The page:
Legazpi City

The southern part of Luzon is home to provinces that boast of a combination of beautiful beaches, majestic mountains, and flourishing cities. One of which is Albay’s Legazpi City, where the most beautiful volcano, Mt. Mayon, resides.

Named after Spanish conquistador, Miguel Lopez de Legazpi, the city is progressive yet relaxed in nature. To be honest, we only went there to see Mt. Mayon. Little did we know that there is so much more to do in Legazpi! We were also lucky that the Magayon Festival is celebrated every May, so there were many activities in the city all throughout the month.

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After leaving our things in the hotel (we stayed at Emerald Boutique Hotel which we really liked), we headed out for lunch to one of the most famous café restaurants in Legazpi – Smalltalk Café.

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Clockwise from bottom: Fried chicken with potato salad and rice, pinangat/laing, bicol express pasta.
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Halo-halo for dessert! The cereal on top was a nice touch.

The food and ambience were nice. After all, they have been serving local fare for almost 20 years in a renovated ancestral house. Although a perfect place for intimate dining, I still found the food in carinderias (small street-side stalls that sell pre-cooked budget meals) more delicious. I suggest trying both to see which one you’ll like better. 🙂 Also, make sure to try sili (chili) ice cream. I tried the 1st Colonial brand, and it’s good! Very creamy! They have 3 levels, so you can start with level 1 if you’re not really into chilis. Other noteworthy flavors are ginataang mais, pili, and tinutong na bigas.

We booked an ATV tour around Mt. Mayon with Bicolandia Travel and Tour. It was one of the most amazing experiences ever! Besides the thrill of riding an all-terrain 4×4, the view was just breathtaking.

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Explaining the trail, and briefing us about safety.
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View of the almost-perfect-cone volcano.

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We chose a 2-3 hour trail ride that took us until the lava wall. It’s a wall made of boulders and different debris that naturally formed after the eruption of Mayon.

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On top of the lava wall.

The ATV tour costs P3,500 each. Super worth it, if you ask me. You can get a much cheaper price for a shorter trail, and/or ATV with a lower engine capacity (ours was 200cc).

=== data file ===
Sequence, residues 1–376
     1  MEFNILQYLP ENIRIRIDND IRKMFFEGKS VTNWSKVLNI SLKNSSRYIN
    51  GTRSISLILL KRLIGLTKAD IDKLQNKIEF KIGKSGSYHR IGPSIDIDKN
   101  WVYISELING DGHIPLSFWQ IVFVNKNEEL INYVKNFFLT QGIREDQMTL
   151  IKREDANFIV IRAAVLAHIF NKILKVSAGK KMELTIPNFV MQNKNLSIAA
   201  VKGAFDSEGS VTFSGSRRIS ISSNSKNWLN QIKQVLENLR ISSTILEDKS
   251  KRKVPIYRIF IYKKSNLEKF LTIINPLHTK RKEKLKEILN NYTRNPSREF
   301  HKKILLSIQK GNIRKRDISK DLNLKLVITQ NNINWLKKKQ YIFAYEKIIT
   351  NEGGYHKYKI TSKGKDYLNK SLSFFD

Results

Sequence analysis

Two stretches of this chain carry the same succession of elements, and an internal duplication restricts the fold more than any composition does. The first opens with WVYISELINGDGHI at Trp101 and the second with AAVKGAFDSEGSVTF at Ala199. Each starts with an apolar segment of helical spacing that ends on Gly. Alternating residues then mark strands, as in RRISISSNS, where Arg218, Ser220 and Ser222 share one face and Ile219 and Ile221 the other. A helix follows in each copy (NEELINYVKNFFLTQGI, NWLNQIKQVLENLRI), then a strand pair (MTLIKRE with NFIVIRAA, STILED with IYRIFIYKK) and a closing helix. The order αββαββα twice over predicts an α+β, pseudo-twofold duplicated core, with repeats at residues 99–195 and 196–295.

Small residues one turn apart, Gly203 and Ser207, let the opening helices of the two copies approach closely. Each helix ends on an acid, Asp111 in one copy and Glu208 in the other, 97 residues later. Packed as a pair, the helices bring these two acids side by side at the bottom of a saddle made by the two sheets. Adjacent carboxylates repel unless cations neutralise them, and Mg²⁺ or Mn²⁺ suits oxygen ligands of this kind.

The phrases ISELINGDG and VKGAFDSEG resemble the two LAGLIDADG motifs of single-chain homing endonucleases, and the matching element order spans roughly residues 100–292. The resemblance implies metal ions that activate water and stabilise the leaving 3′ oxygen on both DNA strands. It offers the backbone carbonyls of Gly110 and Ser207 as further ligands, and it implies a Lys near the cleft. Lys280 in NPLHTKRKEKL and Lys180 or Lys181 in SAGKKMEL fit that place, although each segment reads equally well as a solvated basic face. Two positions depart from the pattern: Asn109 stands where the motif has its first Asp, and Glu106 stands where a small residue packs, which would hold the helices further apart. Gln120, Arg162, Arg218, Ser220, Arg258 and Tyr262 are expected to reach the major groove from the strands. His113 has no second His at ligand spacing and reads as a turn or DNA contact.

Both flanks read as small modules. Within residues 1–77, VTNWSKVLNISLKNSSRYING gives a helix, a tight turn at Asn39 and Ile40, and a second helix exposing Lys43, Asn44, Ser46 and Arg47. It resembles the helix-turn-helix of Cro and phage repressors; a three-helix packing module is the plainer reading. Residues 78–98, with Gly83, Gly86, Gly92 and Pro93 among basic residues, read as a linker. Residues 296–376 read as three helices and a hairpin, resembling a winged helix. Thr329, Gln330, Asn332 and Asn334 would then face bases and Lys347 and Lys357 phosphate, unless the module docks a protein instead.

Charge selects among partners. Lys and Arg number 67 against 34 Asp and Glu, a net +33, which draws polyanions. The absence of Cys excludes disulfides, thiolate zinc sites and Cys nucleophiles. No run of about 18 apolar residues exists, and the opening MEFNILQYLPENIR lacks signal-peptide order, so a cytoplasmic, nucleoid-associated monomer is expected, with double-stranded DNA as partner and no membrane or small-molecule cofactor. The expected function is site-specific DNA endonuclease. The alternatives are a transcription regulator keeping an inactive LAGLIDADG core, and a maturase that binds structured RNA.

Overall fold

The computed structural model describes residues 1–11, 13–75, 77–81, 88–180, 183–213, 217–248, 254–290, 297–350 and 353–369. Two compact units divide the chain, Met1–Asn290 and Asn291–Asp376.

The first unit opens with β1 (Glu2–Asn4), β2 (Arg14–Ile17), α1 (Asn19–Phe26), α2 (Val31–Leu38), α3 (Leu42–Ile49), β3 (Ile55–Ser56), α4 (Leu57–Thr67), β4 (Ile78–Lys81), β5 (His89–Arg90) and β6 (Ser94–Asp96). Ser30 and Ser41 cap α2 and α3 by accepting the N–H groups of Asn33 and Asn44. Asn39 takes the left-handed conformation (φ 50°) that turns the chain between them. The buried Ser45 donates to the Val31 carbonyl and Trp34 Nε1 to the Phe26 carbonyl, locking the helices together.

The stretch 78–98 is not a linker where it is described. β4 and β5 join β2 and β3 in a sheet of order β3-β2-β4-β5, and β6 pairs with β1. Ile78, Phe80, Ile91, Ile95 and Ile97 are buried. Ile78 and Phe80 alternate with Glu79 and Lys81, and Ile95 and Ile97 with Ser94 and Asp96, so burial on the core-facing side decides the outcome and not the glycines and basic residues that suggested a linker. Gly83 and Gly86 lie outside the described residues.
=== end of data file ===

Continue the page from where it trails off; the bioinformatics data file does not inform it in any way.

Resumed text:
After the ride, we continued on with a regular tour in a car. Places of interest include the Cagsaua Ruins, a church built in the 1500’s. It was ransacked by the Dutch in the 1700’s, then totally destructed during Mayon’s eruption in the 1800’s.

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We also checked out Sumlang Lake, which is not actually a lake (I don’t know how they ended up calling it that), but a waterhole. :/

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Daraga Church, established by the people of Cagsaua after the Mayon eruption, is now the oldest church in Legazpi. Just look at the stonework! A meticulously carved facade exemplifying Baroque architecture, made of volcanic rocks. 🙂

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Our last stop was Lignon Hill – a then sanctuary to Japanese troops during WWII. They dug tunnels from the hill to certain areas of the city. Atop the hill is also a perfect place to see Legazpi in a 360 degree view. 🙂

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We went inside the tunnel for a P25 entrance/preservation fee. The chills!
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Can you see the Sleeping Lion hill? 🙂

Please don’t make the same mistake we did of underestimating Albay. We only booked for 2 nights because we thought there’s nothing else to do besides seeing Mayon. It turns out you can also do an underground river tour, and swim with whale sharks there! You will definitely fall in love with Legazpi and its people. In fact, I loved the city so much, I had thoughts of moving there, hahah! Hashtag true story. 🙂

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